Wedding traditions explained - Milton Hill House
Book A Room
Next Article
Wedding Packages Oxfordshire

Wedding traditions explained


There are many things people expect to see at weddings. The majority of traditions are second nature, and no one questions the origin. The truth is there are many traditions which have an interesting background. Things we’ve inherited from different times which still happen today. In this blog, we will be exploring the sometimes weird origins of wedding traditions.

Father gives away the bride

Starting off with one most people know the origin of. The act of a father walking her daughter down the aisle is always a tender moment. In fact, in modern weddings, a variety of different people close to the bride have the honour of “giving her away,” if it’s not the father. It can be a heartfelt way of thanking someone who brought you up. It’s also nice to have someone you trust close to you in the lead up to the big moment. Originally, the father would walk his daughter down the aisle to literally give her to the groom. This was a transactional action instead of one of love and the bride was given for a price or dowry.

The bells

We all love to hear the sound of wedding bells. But the origin of this is slightly more sinister than a happy song. Wedding bells were originally used to ward off evil spirits, which is a common theme in old marriage traditions. Several of these originated from the idea of keeping away evil from the ceremony and protecting the bride and groom.

Best man and bridesmaids

Getting your best friends involved in your wedding is an uplifting experience. Having those closest to you around you when tying the knot makes the day even more special. But the origin of the best men and bridesmaids is pretty strange. The original need for a best man came from the idea that the bride must be stopped from escaping. The best man essentially had to keep his eye on her and literally kidnap her if need be. Meanwhile, the reason bridesmaids traditionally wear the same outfits is to act as a distraction technique for evil spirits. Traditional the bridesmaids wore the same as the actual bride so it would confuse the spirits even further. These days, it’s just a nice touch to see the bridesmaids matching.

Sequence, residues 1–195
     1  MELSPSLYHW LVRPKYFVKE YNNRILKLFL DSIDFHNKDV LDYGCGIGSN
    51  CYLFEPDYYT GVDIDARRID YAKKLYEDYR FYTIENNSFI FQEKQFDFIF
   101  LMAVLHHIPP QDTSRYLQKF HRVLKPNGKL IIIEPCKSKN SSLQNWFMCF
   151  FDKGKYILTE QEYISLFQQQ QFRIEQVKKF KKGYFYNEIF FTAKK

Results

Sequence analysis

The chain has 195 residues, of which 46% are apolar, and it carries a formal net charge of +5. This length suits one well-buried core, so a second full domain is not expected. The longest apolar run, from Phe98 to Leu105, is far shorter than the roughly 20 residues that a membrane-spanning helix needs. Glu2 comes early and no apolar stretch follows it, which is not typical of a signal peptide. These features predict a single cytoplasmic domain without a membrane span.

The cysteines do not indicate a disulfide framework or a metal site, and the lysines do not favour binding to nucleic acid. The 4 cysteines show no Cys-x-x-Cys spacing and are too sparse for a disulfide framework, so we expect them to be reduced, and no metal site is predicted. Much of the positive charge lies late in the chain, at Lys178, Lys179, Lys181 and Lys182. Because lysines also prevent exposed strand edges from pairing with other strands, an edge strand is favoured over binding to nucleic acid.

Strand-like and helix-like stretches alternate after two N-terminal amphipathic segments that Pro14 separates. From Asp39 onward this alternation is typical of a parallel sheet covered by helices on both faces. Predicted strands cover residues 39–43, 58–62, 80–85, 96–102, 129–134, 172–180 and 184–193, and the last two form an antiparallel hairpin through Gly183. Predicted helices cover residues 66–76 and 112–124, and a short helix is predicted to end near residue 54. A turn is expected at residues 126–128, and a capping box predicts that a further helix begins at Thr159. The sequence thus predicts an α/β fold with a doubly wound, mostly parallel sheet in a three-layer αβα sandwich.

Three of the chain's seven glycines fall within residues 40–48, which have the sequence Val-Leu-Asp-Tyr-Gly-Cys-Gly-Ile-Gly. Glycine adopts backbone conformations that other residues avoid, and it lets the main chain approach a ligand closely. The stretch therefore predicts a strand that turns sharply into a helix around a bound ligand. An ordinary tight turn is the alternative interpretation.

The veil

The veil is a common accessory within the bridal industry. It can accompany a tiara or stand-alone, and generally looks stylish and elegant. It’s not often you see a veil covering the whole face anymore, though. Veils originated from the times when arranged marriages were very common. The groom wouldn’t get to see his bride to be until the very last second, and by then it would be too late to back out.

The rhyme

A wedding traditions list wouldn’t be complete without the old favourite. “Something old, something new, something borrowed and something blue.” Each item was supposed to bestow something upon the new couple and bless the marriage. The something old was seen as a representation of continuity, a common wedding theme. Similarly, something new was a symbol of a new start and optimism for the future. The something borrowed was traditionally meant to be from an already happily married couple, for good luck. Finally, something blue was a representation of purity and love between the couple.

If you’re looking to tie the knot and need the perfect wedding venues in Oxfordshire, look no further than Milton Hill House. Our fantastic Georgian Manor in Oxford is the ideal place to have your big day. Surrounded by a sweeping drive, landscaped Italian gardens and beautiful vistas, we’re sure to make your occasion extra special. Get in contact with our friendly team today for more information.